Fitting a Yoke Waistband: Part 2

This post has been a long time coming, which is quite silly since it’s so simple.  I meant to take another photo of the muslined yoke waistband, but hadn’t gotten around to doing so.  I’m soo close to having the actual skirt finished that I figured you guys wouldn’t mind waiting a bit more to see that my alterations ended up working in the end.

As a refresher, the only change I needed to make to my yoke waistband for the Twinkle Skirt via Burda was to increase the length in the center back in order to make the yoke hem parallel to the floor all the way around.  So this quick tutorial will show you how to do just that for the newbie sewers out there.

First off, trace your pattern piece out on a fresh piece of paper (tissue paper, freezer paper, etc.) :

Be sure to copy all of the pattern markings onto the new pattern piece also.

I guestimated that I’d need about 1 inch longer at the center back of the yoke after trying on my muslin.  (I figured I could always reduce the yoke hem if I needed to, but you can’t increase it again so easily.) 

I marked 1″ down from the original hem at the center back (fold) which is on the right of the image below.  Then I began to draw a nice curve, that really starts about half way towards the back.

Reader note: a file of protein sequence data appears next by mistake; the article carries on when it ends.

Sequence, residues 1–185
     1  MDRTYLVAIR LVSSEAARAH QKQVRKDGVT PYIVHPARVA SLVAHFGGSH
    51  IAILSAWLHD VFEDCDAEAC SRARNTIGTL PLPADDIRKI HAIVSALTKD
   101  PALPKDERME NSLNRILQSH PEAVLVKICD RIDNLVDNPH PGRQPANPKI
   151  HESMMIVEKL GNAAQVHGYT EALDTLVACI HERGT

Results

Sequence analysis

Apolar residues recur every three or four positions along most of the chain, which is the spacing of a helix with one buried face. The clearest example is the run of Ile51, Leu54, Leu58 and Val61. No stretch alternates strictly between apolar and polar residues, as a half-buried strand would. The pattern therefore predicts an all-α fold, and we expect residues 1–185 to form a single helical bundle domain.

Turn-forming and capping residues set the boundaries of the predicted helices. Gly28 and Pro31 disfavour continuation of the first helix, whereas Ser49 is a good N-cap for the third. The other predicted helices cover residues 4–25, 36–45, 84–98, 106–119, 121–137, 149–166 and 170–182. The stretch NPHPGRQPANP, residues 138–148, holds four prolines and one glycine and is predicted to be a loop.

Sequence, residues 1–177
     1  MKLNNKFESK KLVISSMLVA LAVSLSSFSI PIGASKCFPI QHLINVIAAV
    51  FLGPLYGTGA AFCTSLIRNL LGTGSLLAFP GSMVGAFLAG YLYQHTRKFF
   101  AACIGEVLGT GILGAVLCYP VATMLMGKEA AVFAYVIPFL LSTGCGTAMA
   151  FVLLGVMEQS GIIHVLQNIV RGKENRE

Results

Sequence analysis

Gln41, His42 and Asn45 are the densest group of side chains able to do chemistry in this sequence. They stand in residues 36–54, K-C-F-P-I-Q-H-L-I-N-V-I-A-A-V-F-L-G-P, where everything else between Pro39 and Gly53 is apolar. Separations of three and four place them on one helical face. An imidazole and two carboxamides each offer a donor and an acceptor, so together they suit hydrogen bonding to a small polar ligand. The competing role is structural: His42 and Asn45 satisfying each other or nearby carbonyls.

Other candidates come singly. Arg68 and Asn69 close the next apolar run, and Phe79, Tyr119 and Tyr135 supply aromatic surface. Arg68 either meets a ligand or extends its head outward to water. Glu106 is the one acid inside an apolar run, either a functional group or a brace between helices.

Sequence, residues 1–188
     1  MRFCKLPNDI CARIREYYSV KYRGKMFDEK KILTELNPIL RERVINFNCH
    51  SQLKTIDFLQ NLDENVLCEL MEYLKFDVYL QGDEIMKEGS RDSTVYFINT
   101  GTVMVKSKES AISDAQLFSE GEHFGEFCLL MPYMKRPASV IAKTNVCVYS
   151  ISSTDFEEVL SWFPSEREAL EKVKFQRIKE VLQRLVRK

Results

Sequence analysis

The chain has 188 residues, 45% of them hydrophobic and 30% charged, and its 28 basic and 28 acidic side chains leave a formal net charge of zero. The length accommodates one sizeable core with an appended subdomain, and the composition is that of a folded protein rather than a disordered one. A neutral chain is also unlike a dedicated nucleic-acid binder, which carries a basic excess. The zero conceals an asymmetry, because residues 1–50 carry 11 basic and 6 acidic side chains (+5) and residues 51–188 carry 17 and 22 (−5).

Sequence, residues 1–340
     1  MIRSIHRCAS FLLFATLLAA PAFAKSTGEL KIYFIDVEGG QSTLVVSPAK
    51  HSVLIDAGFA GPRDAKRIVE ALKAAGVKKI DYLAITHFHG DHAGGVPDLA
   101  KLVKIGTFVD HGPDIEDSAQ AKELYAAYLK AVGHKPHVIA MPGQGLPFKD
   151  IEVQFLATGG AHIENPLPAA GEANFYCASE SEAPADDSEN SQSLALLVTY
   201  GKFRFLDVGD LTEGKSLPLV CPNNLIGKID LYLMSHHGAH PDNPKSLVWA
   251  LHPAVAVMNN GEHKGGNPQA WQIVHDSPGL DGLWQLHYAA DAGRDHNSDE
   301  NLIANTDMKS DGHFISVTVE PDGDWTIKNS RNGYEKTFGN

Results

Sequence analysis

Each individual person will need a slightly different curve, depending on how your muslin fits on your body.  You may need more fabric at the hip, or perhaps some of you may need less fabric at the center back.  You can make these slight changes at the seam lines where you need them.

But when you make any drastic changes, you’ll have to make sure that you also adjust the connecting pattern piece to ensure that the seams line up.  For the Twinkle Skirt, I fit this skirt so that I would have the yoke hem ending at the largest diameter on my hips/butt.  Therefore I just cut the bottom portion of the skirt out using that measurement since I knew I didn’t need any additional fitting below the hips.

Here’s the final pattern piece:

I ended up adding a little bit of paper at the center back to make the curve, more curvey.  (My drawn line just above that looked a bit flat IMO.) 

So for now, you’ll have to trust me that this alteration worked out until I finish the skirt (and then take some photos of it once I have a matching top).

If any of the newbie sewers out there have any questions, be sure to leave me a comment.

In: Sewing Tutorials

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